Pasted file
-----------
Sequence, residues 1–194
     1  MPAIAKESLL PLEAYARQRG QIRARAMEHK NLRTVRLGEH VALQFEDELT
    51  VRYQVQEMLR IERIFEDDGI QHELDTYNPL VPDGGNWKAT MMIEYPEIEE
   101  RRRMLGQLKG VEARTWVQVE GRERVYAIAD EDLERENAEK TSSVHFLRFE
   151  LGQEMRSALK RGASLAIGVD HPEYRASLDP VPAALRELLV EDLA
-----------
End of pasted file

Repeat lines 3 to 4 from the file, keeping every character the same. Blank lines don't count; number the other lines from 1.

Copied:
    51  VRYQVQEMLR IERIFEDDGI QHELDTYNPL VPDGGNWKAT MMIEYPEIEE
   101  RRRMLGQLKG VEARTWVQVE GRERVYAIAD EDLERENAEK TSSVHFLRFE